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My Camino Way Series Article #10




Photo Credit: Carlo Naya, 1816-1882; Winged Lion, Piazza San Marco, Venice; Public Domain, Wikipedia


At the gate of the Piazza San Marco in Venice, beside the lagoon, are two columns. On the top of one is the Winged Lion. His great paws are resting atop a bronze book. The lion must be weary for he has been on a long journey that stretches back to 300 B.C.


The Winged Lion has travelled from Greece to Rome and has been broken and put back together more times than he cares to count, at least as many as he’s been forced to change loyalties.

At one time, Napoleon took him by force and had him shipped back to France – all 3000 kilograms of him – as a trophy of his conquest over Venice. That is when he lost his wings, his paws and the Bible he had guarded for centuries.  As soon as he landed on French soil, a sculptor remodelled his tail so that it tucked between his legs – a symbolic statement intended to shame the enemy.

For a time a real-life State lion lived in the Piazza, in a golden cage. He died there also because his constant licking of the cage bars gave him gilt poisoning.  After that, for several centuries, captive lions were forbidden there. During the Venetian Carnival of 1762, a lion was put on display, “with a little dog on his back, dancing dogs all around him, a monkey on a beam above, a fiddler fiddling, and the strolling Venetians engrossed as ever by his presence.”

Now the lion sits atop the gate again, his former dignity restored. As an emblem of the saint that presides over the piazza and bears its name – Saint Mark – he signifies the greatness of the city he guards, and the fierceness with which it is guarded. And that is what makes him so vulnerable, and so coveted.


Such is the discourse of war.           

Photo Credit:  Time Square, Reuters, 2006.                        

"New York has swallowed me up like a carnivorous plant swallowing a fly.” 

- Italo Calvino: Letters, 1941-1985, Princeton University Press, 2013 

Horns are blowing; lights are blinking and garish billboards scream in multi-colored voices: “Buy Me! Buy ME! Come Inside! Spend More Money!”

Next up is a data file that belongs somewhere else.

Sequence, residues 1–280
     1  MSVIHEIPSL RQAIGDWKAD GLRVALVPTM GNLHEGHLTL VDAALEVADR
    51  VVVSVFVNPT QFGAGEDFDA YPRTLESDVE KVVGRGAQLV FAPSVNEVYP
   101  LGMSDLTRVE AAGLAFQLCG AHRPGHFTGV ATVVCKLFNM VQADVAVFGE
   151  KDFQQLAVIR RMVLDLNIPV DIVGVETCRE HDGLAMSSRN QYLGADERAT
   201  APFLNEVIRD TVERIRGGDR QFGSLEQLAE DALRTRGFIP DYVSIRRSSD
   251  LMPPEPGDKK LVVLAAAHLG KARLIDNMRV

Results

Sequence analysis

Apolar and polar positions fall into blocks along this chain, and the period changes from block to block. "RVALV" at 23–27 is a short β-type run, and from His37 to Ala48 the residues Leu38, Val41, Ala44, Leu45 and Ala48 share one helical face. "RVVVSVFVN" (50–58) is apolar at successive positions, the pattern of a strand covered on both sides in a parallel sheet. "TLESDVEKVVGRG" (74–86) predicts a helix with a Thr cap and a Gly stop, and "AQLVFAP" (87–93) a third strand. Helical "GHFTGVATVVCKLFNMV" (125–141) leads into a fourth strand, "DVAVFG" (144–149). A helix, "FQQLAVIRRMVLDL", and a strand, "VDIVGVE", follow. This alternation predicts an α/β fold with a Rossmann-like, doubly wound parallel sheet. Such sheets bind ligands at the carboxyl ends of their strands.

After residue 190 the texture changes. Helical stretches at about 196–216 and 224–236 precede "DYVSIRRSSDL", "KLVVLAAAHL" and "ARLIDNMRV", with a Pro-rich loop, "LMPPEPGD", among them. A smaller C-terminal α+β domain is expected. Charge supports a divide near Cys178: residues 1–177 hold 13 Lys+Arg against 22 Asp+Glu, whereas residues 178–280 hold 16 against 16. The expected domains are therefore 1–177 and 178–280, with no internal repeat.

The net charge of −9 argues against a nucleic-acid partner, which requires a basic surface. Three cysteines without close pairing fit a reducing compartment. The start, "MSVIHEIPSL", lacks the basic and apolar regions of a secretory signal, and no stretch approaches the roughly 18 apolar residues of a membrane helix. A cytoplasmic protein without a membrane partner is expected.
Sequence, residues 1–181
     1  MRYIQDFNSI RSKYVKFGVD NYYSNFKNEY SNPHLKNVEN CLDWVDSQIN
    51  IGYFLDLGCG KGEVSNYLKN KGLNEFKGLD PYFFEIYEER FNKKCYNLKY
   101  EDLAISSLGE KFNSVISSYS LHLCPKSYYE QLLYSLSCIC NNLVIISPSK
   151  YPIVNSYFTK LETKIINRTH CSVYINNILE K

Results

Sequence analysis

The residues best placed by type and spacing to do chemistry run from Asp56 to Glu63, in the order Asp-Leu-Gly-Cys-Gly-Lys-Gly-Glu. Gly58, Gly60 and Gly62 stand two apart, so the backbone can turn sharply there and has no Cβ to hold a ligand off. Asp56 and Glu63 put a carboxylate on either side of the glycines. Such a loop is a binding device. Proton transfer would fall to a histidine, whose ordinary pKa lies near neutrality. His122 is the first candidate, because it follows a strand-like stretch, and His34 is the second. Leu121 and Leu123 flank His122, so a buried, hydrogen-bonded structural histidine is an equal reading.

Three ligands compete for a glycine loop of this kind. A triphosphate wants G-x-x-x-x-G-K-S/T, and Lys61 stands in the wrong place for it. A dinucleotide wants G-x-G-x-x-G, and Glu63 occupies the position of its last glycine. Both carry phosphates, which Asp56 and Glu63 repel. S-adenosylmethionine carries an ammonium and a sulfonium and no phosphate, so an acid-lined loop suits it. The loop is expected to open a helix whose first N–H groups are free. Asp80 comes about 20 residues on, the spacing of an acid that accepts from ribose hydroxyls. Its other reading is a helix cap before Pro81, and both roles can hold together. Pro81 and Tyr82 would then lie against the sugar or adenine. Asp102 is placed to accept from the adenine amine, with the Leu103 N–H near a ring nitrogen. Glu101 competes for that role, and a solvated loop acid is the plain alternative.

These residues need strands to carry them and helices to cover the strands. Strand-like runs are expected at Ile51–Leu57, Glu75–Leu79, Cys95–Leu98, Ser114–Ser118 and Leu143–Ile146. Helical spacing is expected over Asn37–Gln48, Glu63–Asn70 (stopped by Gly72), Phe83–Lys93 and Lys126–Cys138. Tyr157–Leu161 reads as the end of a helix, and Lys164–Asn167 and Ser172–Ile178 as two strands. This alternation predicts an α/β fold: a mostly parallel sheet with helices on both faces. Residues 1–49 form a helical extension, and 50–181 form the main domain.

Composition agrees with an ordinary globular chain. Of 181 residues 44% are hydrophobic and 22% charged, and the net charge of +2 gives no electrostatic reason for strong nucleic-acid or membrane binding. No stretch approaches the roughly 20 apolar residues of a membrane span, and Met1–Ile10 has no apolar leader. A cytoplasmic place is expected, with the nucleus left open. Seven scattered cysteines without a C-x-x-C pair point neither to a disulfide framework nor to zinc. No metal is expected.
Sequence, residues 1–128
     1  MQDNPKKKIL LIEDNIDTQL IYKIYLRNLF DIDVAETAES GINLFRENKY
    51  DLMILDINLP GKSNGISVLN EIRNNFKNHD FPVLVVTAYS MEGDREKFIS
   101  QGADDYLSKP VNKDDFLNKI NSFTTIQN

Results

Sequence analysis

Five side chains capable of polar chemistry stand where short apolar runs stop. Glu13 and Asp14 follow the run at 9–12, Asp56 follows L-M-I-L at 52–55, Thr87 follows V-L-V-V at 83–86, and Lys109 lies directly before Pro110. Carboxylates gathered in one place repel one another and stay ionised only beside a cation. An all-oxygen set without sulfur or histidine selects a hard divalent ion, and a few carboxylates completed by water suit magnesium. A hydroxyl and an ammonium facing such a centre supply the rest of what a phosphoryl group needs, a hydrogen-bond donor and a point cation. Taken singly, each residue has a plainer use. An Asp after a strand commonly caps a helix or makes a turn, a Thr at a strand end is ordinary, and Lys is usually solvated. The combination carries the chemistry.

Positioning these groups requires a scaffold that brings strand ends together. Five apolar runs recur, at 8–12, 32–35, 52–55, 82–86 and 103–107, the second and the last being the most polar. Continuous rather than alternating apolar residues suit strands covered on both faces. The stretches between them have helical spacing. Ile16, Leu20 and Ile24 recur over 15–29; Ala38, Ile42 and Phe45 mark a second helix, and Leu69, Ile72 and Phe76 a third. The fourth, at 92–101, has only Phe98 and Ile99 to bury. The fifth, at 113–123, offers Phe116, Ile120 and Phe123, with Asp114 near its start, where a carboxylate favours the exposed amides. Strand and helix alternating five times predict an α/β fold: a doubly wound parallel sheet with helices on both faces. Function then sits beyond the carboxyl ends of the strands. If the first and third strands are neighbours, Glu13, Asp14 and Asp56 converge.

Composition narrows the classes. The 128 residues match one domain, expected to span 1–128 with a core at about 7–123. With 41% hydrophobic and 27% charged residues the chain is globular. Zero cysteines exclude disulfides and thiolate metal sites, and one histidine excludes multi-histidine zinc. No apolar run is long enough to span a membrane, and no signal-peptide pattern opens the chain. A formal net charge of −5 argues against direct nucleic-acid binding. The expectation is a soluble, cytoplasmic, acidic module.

I am in Time Square – “the crossroads of the world” – and I am cross-eyed with all the silent yelling.

Here, the human voice is drowned out by the noise of traffic and other non-human sounds while the senses are simultaneously overwhelmed by a cacophony of visual and auditory babble.

Consequently, the voice of the square dominates, rendering its citizens, for a spell, mute and dumb – the antithesis of a democratic harmonious community.

In a very real way, there’s a war going on here also – one where, to quote Leonard Cohen “the poor stay poor and the rich get rich.” 

That’s how it goes. This slice of the The Big Apple is owned by the one per cent who conquers the city.

Money talks incessantly in Time Square – ad nauseam. And the NASDAQ billboard – possibly the most expensive advertising space on the planet – talks the loudest of all.

(Interestingly enough, the word “noise” derives from the Latin, “nausea,” and, in Old French, is associated with disputes and quarreling). 

I don’t mean to pick on New York’s crown jewel. It’s not all bad. In fact, it has some marvelous stories to tell.  It’s no wonder that some of the world’s greatest writers have found inspiration in the city that doesn’t sleep. But it is so often just that - the extremes of New York which capture the artist’s and the addict’s imagination alike.  

If Time Square is one thing, it is an adrenaline rush for the junkie in us all.

When I consider the most famous “square” in North America, I am struck by the difference between it and many of the European plazas I’ve lingered in while on El  Camino de Santiago  in the fall of 2012.

The one is dominated by gigantic billboards that lord over the streets and flash advertisements of the latest Hollywood flicks and theater shows, the golden arches of the world’s biggest fast-food chain invariably announcing itself on every other block. 

It is consumer-driven, and it is inevitably focused on instant gratification.  

As Jack Kerouac wrote in On the Road Again: “Suddenly I found myself on Times Square ...and right in the middle of rush hour, too, seeing with my innocent road-eyes the absolute madness and fantastic hoorair of New York with its millions and millions hustling forever for a buck among themselves, the mad dream .. .”


In contrast to this scene is its European counterpart: the Piazza San Marco in Venice, “the drawing room of the world” where Galileo once stood in the Bell-Clock Tower that overlooks the piazza, to demonstrate to the Doge of Venice his latest version of the telescope, which would have a profound impact on society and would forever change the way we viewed the stars and understood the universe.